Another finding of the survey: On a global basis, food and beverage sellers led the categories of foreign retailers entering cities. Specifically, coffee shops and restaurants accounted for 20 percent of foreign retailers entering cities in the CBRE survey last year, boosted by considerable demand for foreign food-and-beverage outlets in Asia. Other leading cross-border expansion categories included luxury and business (19 percent), mid-range fashion (18 percent) and specialist clothing (17 percent).
In context, the global rate of cross-border expansion amounts to a moderate pace that is, by some measures, slowing. The largest reason for the slowdown is the growth of another aspect of retailing: ecommerce.
“With investment into online platforms increasing, more attention will be focused on reviewing store portfolios and ensuring that retailers have the right mix of locations,” said Mark Burlton, Global Executive on CBRE’s Retail Occupier team for EMEA. “In this environment, shopping centers that successfully attract expanding, foreign retailers will do so at least in part by fostering a compelling mix of leisure, lifestyle and food-and-beverage concepts amid their traditional retail concepts.”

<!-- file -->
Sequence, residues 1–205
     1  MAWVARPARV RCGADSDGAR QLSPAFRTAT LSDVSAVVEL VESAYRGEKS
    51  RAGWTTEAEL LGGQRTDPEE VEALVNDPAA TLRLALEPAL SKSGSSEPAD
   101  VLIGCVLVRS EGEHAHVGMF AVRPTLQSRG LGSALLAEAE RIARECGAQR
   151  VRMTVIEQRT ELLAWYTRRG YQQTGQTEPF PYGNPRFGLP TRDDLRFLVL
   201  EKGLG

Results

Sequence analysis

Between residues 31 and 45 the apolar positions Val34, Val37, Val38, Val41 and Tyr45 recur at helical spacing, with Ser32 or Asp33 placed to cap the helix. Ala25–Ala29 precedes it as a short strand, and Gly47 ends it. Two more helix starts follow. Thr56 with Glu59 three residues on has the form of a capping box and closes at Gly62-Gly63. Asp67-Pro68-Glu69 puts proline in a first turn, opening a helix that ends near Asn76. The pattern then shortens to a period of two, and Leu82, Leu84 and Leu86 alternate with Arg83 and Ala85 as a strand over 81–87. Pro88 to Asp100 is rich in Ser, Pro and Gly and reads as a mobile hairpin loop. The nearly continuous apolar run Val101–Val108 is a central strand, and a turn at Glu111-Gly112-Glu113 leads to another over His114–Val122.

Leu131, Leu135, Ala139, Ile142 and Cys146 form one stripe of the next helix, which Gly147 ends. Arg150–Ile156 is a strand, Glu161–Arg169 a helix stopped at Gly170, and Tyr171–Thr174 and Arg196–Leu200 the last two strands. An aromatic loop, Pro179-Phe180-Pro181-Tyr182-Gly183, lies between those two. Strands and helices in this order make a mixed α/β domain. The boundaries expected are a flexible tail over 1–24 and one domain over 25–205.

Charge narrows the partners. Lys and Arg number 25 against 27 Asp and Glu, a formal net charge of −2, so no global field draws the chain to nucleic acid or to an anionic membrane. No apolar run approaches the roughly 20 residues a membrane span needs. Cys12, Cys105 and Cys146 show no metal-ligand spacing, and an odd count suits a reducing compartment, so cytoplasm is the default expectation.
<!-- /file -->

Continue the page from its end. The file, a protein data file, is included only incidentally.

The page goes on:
Top Markets By Number of International Entrants in 2015:
Hong Kong (73 new entrants) Toronto (26)
Singapore (63) Mexico City (26)
Tokyo (57) Seoul (26)
Taipei (47) Jakarta (24)
Moscow (40) Vienna (24)
London (39) Manila (24)
Dubai (38) New Delhi (23)
Beijing (37) Bangkok (23)
Bucharest (35) Madrid (23)
Doha (29) Paris (23)
To download the full report, click here.
The retailers were selected based on a variety of sources including surveys or retailers’ turnover and brand presence, global and national retail directories and the views if the local CBRE professionals on the dominant retailers in their markets. From these sources, 334 leading international retailers were identified as representatives of the global retail community. For each of the retailers in the sample, research was undertaken to identify whether they had a presence in each of the 61 countries and 191 cities included in the study.